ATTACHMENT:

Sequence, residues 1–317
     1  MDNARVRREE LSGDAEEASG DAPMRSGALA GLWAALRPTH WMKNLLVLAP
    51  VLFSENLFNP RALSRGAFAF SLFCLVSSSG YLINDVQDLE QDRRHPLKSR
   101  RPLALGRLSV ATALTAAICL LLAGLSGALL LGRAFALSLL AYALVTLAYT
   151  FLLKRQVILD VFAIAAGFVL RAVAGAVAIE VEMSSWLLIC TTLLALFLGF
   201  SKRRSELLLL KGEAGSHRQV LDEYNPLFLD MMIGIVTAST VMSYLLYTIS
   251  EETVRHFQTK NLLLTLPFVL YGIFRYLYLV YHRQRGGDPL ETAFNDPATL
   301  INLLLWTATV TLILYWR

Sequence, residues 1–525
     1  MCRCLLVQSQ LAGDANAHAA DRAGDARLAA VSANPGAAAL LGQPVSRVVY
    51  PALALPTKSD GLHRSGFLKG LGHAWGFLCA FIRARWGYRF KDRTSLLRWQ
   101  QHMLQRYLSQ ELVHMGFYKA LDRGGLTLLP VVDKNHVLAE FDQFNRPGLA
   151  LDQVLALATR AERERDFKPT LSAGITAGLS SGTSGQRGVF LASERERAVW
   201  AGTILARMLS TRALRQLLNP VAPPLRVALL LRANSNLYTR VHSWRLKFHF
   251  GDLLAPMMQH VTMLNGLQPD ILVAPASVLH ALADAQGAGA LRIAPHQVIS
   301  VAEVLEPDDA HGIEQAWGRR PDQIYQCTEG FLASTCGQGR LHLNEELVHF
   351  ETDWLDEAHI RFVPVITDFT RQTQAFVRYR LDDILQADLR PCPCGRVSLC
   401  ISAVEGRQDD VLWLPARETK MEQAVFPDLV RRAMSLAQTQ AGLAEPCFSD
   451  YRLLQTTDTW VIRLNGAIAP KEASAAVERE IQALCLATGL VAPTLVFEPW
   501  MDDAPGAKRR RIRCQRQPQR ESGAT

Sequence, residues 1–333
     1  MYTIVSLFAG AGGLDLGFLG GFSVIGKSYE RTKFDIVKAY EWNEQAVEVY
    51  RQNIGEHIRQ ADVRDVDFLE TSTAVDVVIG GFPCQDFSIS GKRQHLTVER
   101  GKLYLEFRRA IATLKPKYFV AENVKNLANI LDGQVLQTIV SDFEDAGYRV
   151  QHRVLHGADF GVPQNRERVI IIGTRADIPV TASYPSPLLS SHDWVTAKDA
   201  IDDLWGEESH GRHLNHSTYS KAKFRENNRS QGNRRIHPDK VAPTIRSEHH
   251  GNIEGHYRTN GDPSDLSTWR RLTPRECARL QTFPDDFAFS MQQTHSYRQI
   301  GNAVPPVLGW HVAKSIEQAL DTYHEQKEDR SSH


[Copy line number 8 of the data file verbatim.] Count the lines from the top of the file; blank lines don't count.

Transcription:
   301  INLLLWTATV TLILYWR